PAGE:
Experimental Ocular Pharmacology
As neonatologists, we often deal with the effects of premature births. Although the survival rate of premature infants has increased over the past two decades, morbidity, and especially neurological morbidity, remains high. Our laboratory studies the mechanisms involved in the pathogenesis of neurodevelopmental disorders (including leucomalacia and periventricular hemorrhage) and retinopathy of prematurity, which is the leading cause of childhood blindness. Given the importance of microcirculation in both the genesis of these pathologies (secondary to degeneration) and tissue revascularization, our unit investigates the underlying mechanisms of these processes. We focus on free radicals, pro-inflammatory factors as well as novel angiogenesis mediators.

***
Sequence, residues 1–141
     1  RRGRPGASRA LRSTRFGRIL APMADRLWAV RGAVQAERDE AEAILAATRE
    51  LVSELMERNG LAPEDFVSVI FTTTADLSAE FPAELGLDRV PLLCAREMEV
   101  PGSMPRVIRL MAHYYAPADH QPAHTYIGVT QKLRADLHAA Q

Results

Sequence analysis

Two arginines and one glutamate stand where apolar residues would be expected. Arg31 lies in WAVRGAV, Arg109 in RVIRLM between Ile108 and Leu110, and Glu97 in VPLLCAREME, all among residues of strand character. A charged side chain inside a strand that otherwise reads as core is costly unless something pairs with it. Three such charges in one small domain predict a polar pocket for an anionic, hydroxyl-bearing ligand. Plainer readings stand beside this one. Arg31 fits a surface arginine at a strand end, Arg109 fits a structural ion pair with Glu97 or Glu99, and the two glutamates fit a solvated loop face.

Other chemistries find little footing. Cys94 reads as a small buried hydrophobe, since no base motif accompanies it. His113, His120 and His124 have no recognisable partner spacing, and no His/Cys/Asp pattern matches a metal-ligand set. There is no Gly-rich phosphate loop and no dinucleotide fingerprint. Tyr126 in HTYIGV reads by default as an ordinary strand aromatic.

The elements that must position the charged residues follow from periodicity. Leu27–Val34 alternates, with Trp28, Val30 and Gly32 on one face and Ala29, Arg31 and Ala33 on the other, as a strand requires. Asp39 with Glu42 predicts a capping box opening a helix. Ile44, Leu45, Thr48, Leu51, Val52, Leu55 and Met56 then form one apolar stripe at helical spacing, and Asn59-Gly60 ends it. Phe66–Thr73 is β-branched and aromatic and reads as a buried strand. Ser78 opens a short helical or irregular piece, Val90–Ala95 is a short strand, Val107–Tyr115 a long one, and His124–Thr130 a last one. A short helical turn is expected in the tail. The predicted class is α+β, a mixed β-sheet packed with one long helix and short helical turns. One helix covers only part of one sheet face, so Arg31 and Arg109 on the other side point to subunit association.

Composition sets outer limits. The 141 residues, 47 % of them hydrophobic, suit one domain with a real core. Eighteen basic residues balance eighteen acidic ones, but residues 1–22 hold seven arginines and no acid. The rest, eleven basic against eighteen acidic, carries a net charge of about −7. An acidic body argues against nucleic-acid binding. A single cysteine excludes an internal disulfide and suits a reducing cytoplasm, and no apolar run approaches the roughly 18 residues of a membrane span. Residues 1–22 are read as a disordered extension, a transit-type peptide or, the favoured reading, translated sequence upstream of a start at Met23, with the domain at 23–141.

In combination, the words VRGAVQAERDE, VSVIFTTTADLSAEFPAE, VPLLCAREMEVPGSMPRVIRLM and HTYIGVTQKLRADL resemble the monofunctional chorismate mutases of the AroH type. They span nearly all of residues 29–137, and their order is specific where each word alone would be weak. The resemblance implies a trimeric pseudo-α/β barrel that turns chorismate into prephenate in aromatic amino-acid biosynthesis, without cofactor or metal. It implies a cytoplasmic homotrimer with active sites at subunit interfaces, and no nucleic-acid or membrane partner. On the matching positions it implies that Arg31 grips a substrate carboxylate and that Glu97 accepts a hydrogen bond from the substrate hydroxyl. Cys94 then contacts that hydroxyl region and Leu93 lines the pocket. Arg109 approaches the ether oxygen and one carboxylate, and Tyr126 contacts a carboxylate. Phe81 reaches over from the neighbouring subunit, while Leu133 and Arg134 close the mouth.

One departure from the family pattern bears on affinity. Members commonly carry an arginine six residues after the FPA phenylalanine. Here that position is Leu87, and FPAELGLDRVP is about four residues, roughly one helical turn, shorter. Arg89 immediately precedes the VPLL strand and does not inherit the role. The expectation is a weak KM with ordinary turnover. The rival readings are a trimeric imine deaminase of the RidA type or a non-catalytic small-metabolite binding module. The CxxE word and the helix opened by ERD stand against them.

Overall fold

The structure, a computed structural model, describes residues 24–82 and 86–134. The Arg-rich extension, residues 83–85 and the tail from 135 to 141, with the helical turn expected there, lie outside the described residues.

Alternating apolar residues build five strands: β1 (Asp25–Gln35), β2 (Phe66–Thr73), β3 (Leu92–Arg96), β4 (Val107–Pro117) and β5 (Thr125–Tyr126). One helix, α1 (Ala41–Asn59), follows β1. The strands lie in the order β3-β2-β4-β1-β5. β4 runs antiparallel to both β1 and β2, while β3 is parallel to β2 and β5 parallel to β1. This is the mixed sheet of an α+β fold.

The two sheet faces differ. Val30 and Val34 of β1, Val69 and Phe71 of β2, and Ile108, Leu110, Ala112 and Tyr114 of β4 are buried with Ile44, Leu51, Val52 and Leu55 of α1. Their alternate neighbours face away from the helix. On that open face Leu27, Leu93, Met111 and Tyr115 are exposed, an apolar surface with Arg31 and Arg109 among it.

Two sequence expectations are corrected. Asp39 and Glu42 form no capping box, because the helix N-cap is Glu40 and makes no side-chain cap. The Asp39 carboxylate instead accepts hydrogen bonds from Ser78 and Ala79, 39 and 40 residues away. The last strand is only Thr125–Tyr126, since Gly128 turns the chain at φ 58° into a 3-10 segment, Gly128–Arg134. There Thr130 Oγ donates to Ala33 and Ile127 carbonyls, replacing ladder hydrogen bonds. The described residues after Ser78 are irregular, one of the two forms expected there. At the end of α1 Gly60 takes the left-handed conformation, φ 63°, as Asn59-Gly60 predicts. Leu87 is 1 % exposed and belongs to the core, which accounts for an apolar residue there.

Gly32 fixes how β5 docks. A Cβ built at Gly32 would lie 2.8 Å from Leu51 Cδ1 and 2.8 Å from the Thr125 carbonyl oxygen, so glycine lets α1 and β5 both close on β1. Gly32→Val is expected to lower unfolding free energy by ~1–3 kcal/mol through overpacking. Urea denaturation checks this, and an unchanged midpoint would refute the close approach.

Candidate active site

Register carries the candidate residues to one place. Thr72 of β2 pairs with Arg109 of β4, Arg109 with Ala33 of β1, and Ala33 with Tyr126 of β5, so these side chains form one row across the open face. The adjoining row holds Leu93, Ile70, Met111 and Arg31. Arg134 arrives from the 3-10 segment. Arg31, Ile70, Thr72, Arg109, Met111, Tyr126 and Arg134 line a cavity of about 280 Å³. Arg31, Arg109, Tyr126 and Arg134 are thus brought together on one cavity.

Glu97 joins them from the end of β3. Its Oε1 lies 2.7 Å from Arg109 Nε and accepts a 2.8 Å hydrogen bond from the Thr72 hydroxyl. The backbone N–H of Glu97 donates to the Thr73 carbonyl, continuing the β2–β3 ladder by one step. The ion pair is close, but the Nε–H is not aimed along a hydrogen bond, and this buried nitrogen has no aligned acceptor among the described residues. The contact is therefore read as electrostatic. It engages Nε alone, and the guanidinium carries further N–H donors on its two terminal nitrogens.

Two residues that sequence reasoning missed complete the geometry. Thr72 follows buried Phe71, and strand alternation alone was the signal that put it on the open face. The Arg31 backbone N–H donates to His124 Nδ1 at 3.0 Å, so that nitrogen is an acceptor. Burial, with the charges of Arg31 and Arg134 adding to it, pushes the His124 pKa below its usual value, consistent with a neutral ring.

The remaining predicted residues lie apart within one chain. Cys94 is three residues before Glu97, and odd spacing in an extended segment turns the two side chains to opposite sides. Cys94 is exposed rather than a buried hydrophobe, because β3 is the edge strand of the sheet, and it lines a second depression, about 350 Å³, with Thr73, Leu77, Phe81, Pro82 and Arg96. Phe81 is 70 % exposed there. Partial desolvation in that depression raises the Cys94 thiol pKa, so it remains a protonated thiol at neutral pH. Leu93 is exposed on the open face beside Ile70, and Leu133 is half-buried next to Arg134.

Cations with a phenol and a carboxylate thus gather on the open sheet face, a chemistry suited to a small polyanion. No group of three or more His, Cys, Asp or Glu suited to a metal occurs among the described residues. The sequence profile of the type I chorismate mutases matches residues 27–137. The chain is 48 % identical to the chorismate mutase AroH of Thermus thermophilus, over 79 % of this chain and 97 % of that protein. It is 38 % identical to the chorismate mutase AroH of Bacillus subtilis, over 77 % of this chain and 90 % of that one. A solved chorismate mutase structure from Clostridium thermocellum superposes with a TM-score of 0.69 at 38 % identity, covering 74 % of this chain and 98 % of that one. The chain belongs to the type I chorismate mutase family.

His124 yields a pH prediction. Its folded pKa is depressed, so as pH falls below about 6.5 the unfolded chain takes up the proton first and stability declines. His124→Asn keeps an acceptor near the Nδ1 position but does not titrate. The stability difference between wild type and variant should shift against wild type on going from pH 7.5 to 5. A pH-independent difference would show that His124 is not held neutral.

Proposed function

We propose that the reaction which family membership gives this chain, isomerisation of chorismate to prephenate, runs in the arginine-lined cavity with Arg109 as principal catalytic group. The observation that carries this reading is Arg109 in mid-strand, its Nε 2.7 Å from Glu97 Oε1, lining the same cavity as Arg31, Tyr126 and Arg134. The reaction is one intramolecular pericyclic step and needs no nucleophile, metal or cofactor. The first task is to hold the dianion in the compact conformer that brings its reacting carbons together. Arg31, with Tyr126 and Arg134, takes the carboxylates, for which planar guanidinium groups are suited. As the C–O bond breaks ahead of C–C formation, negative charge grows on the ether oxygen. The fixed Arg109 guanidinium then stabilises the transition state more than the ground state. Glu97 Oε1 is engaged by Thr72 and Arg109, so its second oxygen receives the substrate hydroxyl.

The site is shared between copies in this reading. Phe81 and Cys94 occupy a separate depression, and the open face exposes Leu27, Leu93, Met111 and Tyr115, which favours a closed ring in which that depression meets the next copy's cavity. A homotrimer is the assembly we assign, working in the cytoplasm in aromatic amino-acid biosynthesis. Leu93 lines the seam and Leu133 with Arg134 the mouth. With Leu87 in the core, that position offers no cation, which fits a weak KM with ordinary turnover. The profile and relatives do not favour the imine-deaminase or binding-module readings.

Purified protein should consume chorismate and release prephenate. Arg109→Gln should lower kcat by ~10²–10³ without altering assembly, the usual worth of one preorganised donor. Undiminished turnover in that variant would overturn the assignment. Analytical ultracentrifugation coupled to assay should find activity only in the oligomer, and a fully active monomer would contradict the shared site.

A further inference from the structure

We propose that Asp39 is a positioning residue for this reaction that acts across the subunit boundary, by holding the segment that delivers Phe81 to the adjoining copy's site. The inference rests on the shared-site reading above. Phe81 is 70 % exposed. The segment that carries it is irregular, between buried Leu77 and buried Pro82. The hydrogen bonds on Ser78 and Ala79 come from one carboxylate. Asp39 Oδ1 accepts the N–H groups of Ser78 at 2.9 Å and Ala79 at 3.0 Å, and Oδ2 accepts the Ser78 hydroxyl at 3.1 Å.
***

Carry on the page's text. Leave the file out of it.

Our work on vision problems associated with extreme prematurity has inspired us to explore potential avenues that are applicable to aging, the other extreme of life. Recently, we have tried to better understand the inflammatory mechanisms and lipid disorders responsible for dry age-related macular degeneration.